Like you were following a trend rather than having a genuine interest in that music?
Yeah. Also, I like some of that music and I’m influenced by it but hopefully in kind of, quite a subtle way. I don’t want to throw a big bassline in there for the sake of it.

I understand it’s a catch-all term at the moment because, y’know, ‘ahh dubstep is going to be huge this year blah blah’ so everyone’s throwing it out there, but with your music, especially the sub bass on ‘Attack Music’, that really reminded me of a lot of the more unusual end of dustup. Especially the rhythmic sense of dubstep, ragga and that kind of world.
I just like the rhythms. Especially when you translate those rhythms into acoustic instruments. I just like that. It’s something that George (Barnett, drummer) can play really, really well because he’s got a very unnatural feel for the way he plays the drums. Everything that a drummer would intuitively do, George does the opposite of. Which sounds really good for that music, as it doesn’t have a humane sound.

As far as I know, no one’s ever actually played dubstep within a live band setting. I don’t even know how you’d go about doing it.
Well it’s a recorded form isn’t it?

Could you ever see yourself attempting that form of music live? Would that interest you, trying to replicate that mechanical sound within a live setting? You always seem to try to take on challenges where possible…
I’m sure there’s someone who could do a better job of it than us.

That’s a bit modest! Lyrically it’s an extremely dark record – paranoia and tension within them. Was this reflected and influenced by the music or vice versa? Do you construct one then the other or is it simultaneous?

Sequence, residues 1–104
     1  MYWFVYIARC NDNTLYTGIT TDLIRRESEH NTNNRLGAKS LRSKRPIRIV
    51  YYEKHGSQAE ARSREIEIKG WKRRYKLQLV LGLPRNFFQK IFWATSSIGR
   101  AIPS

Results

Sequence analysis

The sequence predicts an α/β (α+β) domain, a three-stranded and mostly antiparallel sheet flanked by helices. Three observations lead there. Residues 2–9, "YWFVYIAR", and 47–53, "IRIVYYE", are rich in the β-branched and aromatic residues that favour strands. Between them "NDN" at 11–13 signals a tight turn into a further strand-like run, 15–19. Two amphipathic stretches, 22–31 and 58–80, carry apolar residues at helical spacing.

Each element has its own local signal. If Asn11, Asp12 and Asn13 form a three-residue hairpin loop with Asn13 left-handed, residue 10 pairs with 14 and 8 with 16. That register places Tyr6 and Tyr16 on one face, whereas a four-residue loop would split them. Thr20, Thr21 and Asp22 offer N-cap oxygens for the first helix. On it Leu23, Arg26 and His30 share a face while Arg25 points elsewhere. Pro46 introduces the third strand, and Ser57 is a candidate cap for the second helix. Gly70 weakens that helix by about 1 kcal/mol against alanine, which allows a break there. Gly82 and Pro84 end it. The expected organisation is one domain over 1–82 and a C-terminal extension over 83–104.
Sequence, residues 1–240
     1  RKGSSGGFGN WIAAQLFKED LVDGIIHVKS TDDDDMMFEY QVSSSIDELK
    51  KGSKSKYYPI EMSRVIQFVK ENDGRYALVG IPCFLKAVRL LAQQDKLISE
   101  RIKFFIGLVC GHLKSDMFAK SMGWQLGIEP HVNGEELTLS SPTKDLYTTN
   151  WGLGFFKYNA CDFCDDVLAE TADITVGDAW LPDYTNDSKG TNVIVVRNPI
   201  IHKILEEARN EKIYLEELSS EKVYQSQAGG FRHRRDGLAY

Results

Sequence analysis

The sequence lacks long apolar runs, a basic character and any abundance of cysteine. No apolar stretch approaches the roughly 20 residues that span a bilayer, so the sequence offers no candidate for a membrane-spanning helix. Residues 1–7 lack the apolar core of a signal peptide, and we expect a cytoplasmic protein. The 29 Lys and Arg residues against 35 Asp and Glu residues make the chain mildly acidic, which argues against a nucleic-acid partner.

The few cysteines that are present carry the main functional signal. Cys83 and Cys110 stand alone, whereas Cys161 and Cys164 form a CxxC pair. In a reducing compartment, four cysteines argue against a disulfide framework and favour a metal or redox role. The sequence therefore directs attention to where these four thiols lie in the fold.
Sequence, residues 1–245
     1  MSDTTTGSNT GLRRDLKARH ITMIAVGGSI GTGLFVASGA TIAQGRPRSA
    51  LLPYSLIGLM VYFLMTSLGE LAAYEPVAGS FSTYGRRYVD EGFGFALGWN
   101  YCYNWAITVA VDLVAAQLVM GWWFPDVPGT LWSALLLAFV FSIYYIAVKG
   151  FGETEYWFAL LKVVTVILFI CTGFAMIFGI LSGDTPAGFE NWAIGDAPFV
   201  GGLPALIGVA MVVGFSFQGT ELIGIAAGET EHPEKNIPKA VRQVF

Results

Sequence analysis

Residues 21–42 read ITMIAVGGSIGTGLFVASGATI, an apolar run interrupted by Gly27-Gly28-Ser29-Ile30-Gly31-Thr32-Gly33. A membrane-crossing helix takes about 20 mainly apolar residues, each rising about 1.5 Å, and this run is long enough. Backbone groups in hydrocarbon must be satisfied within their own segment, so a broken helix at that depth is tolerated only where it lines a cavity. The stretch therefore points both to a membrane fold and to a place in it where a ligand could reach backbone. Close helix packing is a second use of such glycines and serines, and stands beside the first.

For this album, all the music was done and then the lyrics came afterwards. The lyrics themselves were just taken from my notebook, I’ve got a big piece of A4 for every single song. For most of the songs I had an idea of what they would be about, or certain bits of them. Then I just went through all my notebooks of the past few years, writing down phrases and fitting them to each song. Eventually, each song just built up into this group of phrases that made sense and made some story. I suppose it is a dark record but to me it’s also got moments of light, compared to our last album there’s a lot more contrast between dark and light.

The last track on the album, it seems almost hopeful…
It just works as the last track. I always think of the narrative, not only a literal narrative of a story or whatever…

There’s a definite flow to the album, yes.
It was written with that in mind kind of thing.

So do you feel a sense of responsibility to match the moods of the music and lyrics?